- Transcription needs to be supported for the meeting. (We did that in the user voice policy, but it’s the meeting organizers policy – not yours – that determines if transcription is allowed)
- Someone needs to turn on transcription in their Teams client. Once the meeting starts, you can only enable transcription from the Teams client and not directly on the Teams Rooms console.
- To enable transcription, click the three dots (More) from within the meeting. Then click Record and transcribe > and finally click Start transcription
At this point, you should see a transcription with your name instead of something generic as seen at the very beginning of this white paper (Figure 1: Donuts are delicious).
Below is a stolen image that was very likely a copyright violation until I probably did the greatest Photoshop edit ever to totally make it a unique work. Like Andy Warhol, this is my art.
If you look at the transcription on the right, you’ll see that it says Serena Ribeiro (Conf Room P…). This lets us know that Intelligent Speaker is working as it recognized Serena’s voice and that she is in a conference room.
What if someone in the conference room speaks and they don’t have a voice print (either they never set it up, weren’t on the invite, or are from a different tenant). What happens then? Anything?
Intelligent Speaker tracks all the voices in the room (well the first 10). If it recognizes a unique voice, it will tag it as Speaker 1 in the transcript. If a second new user speaks with no accessible voice print, they will be Speaker 2, etc.
See the following stolen screen shot for an example of a person being tagged as Speaker 1.
What if this whole thing makes a mistake? Or we just want to manually attribute a user in the transcript.
In the image above, you see there is a button named Identify speaker. If you click that, a drop down appears showing the names of everyone that was on the meeting invite. Pick the right name and that attribution is fixed.
Note: You can only change to a person that was on the meeting invite. This is to prevent falsely attributing something to someone who wasn’t in the room. Otherwise, nothing would stop me from attributing something to Luke Skywalker that Darth Vader said.
For more information on editing attribution on a transcript, see this document. I’m not in the mood to basically copy/paste that article into this one.
Note: You can hide your identity in meeting captions and transcripts! See this link for more info.
I’m not going to write a guide because:
- Review the steps above and make sure you got it right.
- Bugs pop up and Microsoft has a page dedicated to known issues. So please go there. (Though at the time of this writing they are still referencing an old Teams Rooms license so…..)
I hope this document helped you understand what Intelligent Speaker is and how to set it up with a Jabra PanaCast 50. It’s a cool feature but there is one warning:
Don’t expect perfection.
I’ve historically been disappointed in the accuracy of the attributed names in the transcription. However, due to the Jabra PanaCast 50 going through Microsoft’s Technology Adoption Program (TAP), Microsoft themselves looked closely at this feature for the first time in a while. As such, the service has gotten quite a few improvements on the back end.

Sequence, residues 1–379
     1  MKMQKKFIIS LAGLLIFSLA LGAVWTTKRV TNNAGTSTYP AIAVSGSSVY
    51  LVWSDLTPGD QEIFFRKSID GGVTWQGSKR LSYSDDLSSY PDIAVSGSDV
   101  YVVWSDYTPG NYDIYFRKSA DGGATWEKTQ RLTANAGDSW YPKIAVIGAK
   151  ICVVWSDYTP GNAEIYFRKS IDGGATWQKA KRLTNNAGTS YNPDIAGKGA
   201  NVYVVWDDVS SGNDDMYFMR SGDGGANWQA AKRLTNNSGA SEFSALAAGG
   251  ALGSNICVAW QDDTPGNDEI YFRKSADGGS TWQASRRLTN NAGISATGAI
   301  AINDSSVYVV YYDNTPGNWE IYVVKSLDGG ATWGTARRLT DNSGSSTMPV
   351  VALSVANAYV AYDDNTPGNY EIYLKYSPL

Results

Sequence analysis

Oh hey – I never answered why this solution is called Intelligent Speaker. This whole feature is based around microphones that capture voices so shouldn’t it be called Intelligent Microphone? Yes, yes it should. Also, the name Intelligent Speaker presumes that the person talking is saying something intelligent. That is not always the case.
It’s called Intelligent Speaker just because. It’s what Microsoft initially called it in development – most likely because it was initially based on a speaker puck design so that name kind of stuck.
The Yealink MSpeech can only connect to a Yealink Microsoft Teams Rooms. The EPOS can connect to any vendors Teams Rooms. ↑
I will always bring the donuts. ↑
The Yealink MVC S60 should be certified soon. ↑
Yealink MSpeech can only be used with Yealink Teams Rooms installations ↑
Just to clear up any future confusion: I will always buy the donuts. ↑
Plus, it makes this whitepaper longer which adds to its legitimacy. ↑
It’s the second one. The Jabra one. That’s the best one! If you picked that one, go get yourself a well-deserved donut. ↑
As mentioned in the preamble, this will change at some point in 2024 where you can also use a BYOD connected laptop or desktop. ↑
I don’t have a reference for this. But I worked at Microsoft. You gonna question me on this one??? ↑
Source: Conversation between Greg Baribault, Microsoft, and the author at Teams Rooms World, 25 October, 2023. ↑
Wait until we get into facial recognition! Speaking of which – Intelligent Speaker is *not* a technical requirement for facial recognition to work. Microsoft want to recognize people in the room when they are not an active speaker. As of today, the Teams client requires voice before facial biometrics can be recorded but I get the impression that will change in time. Source: Conversation between Greg Baribault, Microsoft, and the author at Teams Rooms World, 25 October, 2023 ↑
You can download Jabra Direct from here – Jabra Direct – Engineered to optimize and personalize your headset ↑
I have sent out requests for more detail on this and will update this if I get anything concrete. ↑